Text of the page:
When the surveys of cyber breaches appear each year, the same issues seem to crop up with wearying regularity. Yes, from time to time a ‘zero-day’ exploit hits the news but mostly it’s the usual suspects: default passwords, lack of patching, etc. The fact is companies fall victim to breaches because they fail to take the basic steps of cyber security. Or, at least, they fail to keep taking those steps.
A recent experience with one of our (nameless) clients illustrates the problem. The client provides telecoms services to a wide range of customers. Some of these use the services to transmit credit card data so they require our client to be PCI DSS compliant. In other words, being PCI DSS certified is critical to that part of the business.
Accordingly, they set up a compliance project and we worked with them to help them identify and rectify compliance gaps. Eventually, we were able to sign them off as compliant last year. However, although PCI assessment is an annual event, the standard recognises that security should be business as usual; in fact, there are thirty-eight requirements that explicitly require some sort of regular activity.
Compliance doesn’t always translate to Security – it needs to be continually tested and improved!
Despite this, on returning for a pre-assessment check we found that several critical periodic activities had not been done. Evidently once compliance had been achieved, the project manager was reassigned, the technical engineers went back to the day job of customer support and it was nobody’s job to ensure that the regular control checks happened. To help our client manage this we had provided them with a timetable of regular activities but these had never become part of business as usual (BAU).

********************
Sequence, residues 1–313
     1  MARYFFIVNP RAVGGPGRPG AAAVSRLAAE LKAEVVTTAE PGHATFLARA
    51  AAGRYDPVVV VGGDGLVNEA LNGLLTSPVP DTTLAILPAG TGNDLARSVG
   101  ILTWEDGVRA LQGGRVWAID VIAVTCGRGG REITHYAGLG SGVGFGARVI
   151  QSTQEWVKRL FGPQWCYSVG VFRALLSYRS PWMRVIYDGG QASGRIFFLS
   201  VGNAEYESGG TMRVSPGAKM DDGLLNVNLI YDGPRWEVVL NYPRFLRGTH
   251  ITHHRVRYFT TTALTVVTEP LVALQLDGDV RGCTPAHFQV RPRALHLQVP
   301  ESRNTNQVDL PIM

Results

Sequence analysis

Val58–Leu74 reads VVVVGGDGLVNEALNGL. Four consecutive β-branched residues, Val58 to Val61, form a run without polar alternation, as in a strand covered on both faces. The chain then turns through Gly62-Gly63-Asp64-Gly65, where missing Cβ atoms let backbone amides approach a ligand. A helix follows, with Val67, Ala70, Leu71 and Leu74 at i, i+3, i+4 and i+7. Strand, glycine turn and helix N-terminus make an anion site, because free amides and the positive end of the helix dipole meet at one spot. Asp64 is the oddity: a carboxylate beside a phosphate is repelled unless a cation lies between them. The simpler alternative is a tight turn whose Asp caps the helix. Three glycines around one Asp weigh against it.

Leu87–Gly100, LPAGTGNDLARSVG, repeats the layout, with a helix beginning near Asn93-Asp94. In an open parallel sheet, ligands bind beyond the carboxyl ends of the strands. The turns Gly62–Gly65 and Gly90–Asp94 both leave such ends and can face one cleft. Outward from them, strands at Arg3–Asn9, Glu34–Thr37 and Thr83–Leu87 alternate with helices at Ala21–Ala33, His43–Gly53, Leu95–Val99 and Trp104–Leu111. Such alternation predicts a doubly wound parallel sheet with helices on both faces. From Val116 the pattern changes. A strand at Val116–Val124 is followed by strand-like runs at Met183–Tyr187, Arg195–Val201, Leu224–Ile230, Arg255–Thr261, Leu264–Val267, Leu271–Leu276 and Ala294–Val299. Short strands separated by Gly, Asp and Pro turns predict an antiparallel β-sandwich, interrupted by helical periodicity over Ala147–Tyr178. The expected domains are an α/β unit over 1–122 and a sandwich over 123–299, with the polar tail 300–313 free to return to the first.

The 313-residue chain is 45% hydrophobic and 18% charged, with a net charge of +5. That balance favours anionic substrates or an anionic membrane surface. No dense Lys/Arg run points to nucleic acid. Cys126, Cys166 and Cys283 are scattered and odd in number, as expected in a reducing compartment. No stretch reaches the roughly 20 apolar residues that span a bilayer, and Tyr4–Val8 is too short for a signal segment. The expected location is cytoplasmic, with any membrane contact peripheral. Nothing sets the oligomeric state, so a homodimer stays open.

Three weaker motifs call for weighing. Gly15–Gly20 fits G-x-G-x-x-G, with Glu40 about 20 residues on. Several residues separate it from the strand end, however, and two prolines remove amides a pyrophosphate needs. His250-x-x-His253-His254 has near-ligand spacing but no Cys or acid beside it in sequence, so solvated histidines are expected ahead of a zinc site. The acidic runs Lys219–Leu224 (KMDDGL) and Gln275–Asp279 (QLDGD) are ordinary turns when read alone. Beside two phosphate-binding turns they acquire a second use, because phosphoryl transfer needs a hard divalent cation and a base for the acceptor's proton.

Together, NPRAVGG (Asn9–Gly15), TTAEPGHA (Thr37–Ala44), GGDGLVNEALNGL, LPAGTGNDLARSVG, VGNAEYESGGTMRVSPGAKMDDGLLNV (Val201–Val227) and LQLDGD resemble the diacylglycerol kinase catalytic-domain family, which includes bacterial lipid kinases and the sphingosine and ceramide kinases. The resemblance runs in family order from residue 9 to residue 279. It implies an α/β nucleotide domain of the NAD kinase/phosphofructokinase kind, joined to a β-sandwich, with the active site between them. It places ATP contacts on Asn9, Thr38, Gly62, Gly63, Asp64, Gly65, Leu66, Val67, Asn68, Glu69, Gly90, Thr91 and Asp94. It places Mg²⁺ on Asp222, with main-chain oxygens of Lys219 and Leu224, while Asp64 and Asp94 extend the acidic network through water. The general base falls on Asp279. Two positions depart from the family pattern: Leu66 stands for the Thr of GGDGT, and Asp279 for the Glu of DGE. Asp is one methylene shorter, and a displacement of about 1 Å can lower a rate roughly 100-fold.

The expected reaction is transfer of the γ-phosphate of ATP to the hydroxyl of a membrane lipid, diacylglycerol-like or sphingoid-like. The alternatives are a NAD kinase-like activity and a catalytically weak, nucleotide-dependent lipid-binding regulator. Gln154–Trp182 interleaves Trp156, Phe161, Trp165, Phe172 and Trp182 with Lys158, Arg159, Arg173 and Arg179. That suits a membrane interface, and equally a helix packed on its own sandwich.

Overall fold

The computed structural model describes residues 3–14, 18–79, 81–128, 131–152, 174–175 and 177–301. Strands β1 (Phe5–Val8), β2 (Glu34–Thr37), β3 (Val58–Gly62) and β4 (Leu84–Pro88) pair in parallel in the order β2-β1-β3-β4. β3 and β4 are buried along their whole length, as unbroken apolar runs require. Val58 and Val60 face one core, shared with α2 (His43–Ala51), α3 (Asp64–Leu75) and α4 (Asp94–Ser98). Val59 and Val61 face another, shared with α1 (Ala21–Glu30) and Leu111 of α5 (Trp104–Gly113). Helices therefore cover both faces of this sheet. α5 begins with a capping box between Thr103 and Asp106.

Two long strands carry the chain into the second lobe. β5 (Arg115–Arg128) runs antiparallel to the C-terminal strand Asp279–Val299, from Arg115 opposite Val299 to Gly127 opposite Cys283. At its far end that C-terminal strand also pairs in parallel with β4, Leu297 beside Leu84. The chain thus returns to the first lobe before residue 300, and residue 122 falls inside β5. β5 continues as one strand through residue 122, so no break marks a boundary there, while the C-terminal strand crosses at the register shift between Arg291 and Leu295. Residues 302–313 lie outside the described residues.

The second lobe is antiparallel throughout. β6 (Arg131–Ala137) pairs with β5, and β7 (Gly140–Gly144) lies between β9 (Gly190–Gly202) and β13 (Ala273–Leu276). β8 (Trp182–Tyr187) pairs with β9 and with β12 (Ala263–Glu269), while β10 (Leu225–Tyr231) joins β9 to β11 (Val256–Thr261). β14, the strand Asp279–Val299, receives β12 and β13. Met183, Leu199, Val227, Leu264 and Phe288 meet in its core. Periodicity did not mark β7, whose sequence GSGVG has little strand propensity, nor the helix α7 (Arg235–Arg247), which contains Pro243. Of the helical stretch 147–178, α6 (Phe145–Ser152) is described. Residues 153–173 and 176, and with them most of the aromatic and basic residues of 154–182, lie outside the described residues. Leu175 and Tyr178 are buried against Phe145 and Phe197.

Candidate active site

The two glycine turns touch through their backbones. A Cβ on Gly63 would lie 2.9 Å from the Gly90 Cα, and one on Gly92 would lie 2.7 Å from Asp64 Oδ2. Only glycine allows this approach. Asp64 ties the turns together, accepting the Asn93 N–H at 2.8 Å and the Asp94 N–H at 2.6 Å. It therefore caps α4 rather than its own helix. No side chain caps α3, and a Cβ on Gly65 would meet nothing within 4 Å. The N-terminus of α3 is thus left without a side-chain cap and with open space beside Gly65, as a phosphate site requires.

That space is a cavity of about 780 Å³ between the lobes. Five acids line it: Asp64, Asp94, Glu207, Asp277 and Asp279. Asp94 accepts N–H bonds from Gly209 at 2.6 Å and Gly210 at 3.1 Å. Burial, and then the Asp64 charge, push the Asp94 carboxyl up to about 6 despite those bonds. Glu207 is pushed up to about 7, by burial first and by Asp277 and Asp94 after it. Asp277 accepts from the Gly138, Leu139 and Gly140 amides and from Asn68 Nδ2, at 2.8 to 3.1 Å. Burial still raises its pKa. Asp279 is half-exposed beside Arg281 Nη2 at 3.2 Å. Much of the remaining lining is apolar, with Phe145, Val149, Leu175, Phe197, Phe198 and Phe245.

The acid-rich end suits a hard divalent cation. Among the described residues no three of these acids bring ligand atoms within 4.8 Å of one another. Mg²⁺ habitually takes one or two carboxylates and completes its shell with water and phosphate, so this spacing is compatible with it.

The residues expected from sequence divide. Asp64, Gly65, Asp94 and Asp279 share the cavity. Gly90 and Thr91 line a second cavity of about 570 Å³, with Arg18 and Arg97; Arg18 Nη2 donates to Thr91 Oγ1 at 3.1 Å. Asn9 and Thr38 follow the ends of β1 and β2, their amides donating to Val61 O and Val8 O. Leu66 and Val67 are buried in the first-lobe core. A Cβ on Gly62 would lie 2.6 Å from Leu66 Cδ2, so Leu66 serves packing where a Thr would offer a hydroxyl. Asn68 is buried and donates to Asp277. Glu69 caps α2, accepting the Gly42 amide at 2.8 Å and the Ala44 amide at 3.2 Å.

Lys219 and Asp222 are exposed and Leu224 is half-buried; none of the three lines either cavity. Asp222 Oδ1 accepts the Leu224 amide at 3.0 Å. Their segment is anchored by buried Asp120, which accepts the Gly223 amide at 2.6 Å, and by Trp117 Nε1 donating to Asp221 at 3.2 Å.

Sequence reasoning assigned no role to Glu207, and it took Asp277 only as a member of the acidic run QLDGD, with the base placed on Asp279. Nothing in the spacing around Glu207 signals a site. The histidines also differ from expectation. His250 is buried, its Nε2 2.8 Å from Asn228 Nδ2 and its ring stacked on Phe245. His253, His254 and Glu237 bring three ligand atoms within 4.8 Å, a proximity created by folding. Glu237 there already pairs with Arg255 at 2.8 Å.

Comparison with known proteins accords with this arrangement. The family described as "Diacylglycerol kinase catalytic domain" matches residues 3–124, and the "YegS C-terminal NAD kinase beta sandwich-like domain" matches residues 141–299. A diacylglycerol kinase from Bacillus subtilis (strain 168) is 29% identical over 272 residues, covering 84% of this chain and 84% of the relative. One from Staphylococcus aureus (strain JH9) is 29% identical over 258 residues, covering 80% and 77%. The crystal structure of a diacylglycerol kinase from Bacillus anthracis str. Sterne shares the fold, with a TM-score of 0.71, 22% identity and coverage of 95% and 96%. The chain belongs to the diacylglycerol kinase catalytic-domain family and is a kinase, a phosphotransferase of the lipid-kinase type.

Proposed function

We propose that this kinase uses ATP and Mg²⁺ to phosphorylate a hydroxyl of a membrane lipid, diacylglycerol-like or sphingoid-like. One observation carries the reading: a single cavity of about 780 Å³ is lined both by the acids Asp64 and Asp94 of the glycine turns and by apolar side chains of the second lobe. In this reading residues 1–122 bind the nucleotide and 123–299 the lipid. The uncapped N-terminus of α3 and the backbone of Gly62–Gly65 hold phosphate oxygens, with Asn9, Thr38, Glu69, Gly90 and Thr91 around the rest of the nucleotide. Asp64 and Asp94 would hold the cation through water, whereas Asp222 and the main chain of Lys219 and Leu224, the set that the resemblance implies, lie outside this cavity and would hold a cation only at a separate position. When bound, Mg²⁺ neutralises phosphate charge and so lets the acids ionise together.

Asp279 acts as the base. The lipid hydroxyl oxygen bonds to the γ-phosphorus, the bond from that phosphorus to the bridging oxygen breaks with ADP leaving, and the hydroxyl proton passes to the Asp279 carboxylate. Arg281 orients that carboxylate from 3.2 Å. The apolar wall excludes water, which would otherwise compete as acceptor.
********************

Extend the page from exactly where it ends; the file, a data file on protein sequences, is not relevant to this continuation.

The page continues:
If this can happen at an organisation that knows that undertaking specific regular control activities is essential to their continued compliance, what is the likelihood of other organisations keeping up to date with these essential controls? It is often the failure to maintain controls that leads to many vulnerabilities exploited by attackers.
Failure of controls is a common cause of data breaches. The solution: regular auditing processes.
The PCI Security Standards Council recognises this as a common situation and in an attempt to address this has introduced two new requirements for service providers:
- A charter setting out overall accountability for maintaining PCI DSS compliance; and
- Quarterly reviews to confirm personnel are following security policies and operational procedures, covering at least
• Daily log reviews
• Firewall rule-set reviews
• Applying configuration standards to new systems
• Responding to security alerts
• Change management processes
The new requirements are well-intentioned but they may just become another regular activity that gets overlooked. We can help our clients by first by making it part of our mindset. Whenever we help clients to implement controls we can ask ‘How confident am I that this control will still be functioning tomorrow?’ ‘How good is the governance?’ ‘How strong is the culture?’ And if the answer is ‘not very’ then there is an opportunity to start a conversation about what more we can do to support them.
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Stephen Hancock is part of a qualified team of PA and 7Safe cyber security specialists that delivers a range of services to help you achieve and maintain compliance.
We are a Qualified Security Assessor (QSA) company whose expertise is focused on assisting merchants and service providers achieve and maintain compliance with PCI DSS (Payment Card Industry Data Security Standard). We constantly assist organisations of all sizes with PCI compliance audits including pre-compliance, SAQs, compliance auditing, ASV Scanning, vulnerability assessment, cyber security incident response (including digital forensics), penetration testing, policy reviews and cyber security training courses..
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For further information or to request a quote on our audit and compliance services, email one of our Qualified Security Assessors experts today or call +44 (0) 1763 285 510.
To develop your own knowledge around how PCI DSS works, consider taking our Payment Card Industry Data Security Standard Implementation course.